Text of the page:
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    cannabis marihuana marijuana substance use disorder ICEERS study

    Cannabis in the Treatment of Substance Use Disorder


    Potential applications of cannabis and cannabinoids in the treatment of substance use disorder and in harm reduction

    José Carlos Bouso, Rafael G. dos Santos, and Jaime Hallak.

    Advances in Psychedelic Medicine: State-of-the-Art Therapeutic Applications



    About the study

    This article represents chapter 8 of the book Advances in Psychedelic Medicine: State-of-the-Art Therapeutic Applications, edited by M. Winkelman and B. Sessa, and published by ABC-CLIO as part of a project called Psychoactive Plants and Public Health.

    With the regulation of the medical use of cannabis in different countries, the access to it by subjects with substance use disorders is increasing. In the specific case of smoked cannabis, drug-dependent individuals are using it as a substitute for more toxic drugs or to deal with craving and withdrawal symptoms.

    For most drug users cannabis is a very important part of their identity, so a more rational approach for obtaining good outcomes in the treatment of drug dependence should consider this impor-tant aspect. Thus, treatments for drug dependence and harm reduction programs should go beyond the clinical perspective.



    The history of the use of cannabis for the treatment of substance-related disorders and harm reduction is relatively recent. Although evidence of the use of cannabis for the treatment of multiple disorders, including such varied conditions as pain and malaria, has been documented across time and cultures, the use of herbal cannabis for the treatment of drug abuse and dependence emerged with the legalization of medicinal cannabis in Canada and several states of the United States in the last 20 years.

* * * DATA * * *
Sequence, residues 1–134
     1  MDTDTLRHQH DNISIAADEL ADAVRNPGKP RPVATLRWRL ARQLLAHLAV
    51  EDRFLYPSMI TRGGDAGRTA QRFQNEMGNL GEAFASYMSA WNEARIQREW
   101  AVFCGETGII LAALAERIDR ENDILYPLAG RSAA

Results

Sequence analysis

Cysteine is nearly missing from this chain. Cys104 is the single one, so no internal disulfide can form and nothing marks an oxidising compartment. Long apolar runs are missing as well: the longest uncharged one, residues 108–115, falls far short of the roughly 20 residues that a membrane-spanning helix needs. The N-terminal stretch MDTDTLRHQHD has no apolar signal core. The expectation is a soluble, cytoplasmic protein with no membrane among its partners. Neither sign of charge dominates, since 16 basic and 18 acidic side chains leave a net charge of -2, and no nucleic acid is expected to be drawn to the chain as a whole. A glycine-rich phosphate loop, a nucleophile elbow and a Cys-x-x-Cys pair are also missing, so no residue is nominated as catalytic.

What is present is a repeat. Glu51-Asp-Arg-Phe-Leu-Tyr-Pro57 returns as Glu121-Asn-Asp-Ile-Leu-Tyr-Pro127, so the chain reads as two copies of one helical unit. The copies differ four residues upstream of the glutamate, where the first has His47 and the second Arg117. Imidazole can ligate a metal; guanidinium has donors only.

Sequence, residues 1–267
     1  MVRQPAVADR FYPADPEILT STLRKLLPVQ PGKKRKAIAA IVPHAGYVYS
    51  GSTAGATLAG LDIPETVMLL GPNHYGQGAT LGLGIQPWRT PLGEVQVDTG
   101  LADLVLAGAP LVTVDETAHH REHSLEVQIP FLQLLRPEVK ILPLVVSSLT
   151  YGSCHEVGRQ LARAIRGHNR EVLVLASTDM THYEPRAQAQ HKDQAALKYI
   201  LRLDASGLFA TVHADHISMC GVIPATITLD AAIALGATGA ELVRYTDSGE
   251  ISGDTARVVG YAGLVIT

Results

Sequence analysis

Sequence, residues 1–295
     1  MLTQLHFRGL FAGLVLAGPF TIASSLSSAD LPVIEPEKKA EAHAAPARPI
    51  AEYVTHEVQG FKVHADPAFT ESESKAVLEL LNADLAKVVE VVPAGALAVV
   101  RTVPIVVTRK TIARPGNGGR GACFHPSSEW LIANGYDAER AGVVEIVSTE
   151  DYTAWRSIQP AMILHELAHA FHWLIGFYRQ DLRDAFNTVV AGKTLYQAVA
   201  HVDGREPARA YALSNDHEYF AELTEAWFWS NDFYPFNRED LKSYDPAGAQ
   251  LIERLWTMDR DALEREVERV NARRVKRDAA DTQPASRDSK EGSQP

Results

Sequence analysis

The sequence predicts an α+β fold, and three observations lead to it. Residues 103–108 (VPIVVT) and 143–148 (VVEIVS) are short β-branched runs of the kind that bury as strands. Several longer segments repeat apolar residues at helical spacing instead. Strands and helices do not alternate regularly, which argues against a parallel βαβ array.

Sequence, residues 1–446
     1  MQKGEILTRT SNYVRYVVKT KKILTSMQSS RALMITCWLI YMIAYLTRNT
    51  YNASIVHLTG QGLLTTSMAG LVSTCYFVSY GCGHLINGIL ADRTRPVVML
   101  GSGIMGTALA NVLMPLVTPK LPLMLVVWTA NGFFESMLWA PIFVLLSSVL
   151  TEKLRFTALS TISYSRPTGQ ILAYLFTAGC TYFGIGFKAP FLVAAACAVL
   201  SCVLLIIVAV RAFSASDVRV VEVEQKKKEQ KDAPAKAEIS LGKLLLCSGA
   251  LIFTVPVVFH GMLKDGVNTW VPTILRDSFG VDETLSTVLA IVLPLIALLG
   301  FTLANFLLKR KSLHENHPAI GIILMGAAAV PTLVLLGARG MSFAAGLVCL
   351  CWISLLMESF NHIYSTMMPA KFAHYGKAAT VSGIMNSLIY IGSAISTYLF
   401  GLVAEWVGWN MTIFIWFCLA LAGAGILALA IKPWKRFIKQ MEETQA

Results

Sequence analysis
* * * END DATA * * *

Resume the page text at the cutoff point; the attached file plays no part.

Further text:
California was the first state to legalize medical cannabis in 1996. Since then evidence has emerged from preclinical research, ethnographical research, observational studies, and a few clinical trials, some of them still in development.

    Moreover, in the last decade, several preclinical and clinical studies are showing evidence that cannabidiol (CBD) could be a treatment option for substance-related disorders. After delta9-tetrahydrocannabinol (or simply THC), CBD is the second most abundant cannabinoid in the cannabis plant. In contrast to THC, CBD does not produce euphoria or cognitive deficits, and so has no potential for abuse.

    In this chapter we discuss both the treatment of substance use disorders and harm reduction, acknowledging that these are concepts that refer to completely different issues and practices.

    We decided to use this approach because almost all evidence coming from observational studies suggests that herbal cannabis is not always used to reach complete abstinence from other drugs, but rather to improve quality of life or as a substitute for more dangerous drugs such as cocaine and heroin.


    Link to the article


    Contact ICEERS Research team


    Photo by Jeff W on Unsplash.

    Categories: Studies & papers , Cannabis
    Tags: medical cannabis , harm reduction , substance use disorders , book chapter , cannabis , scientific research , study , risk reduction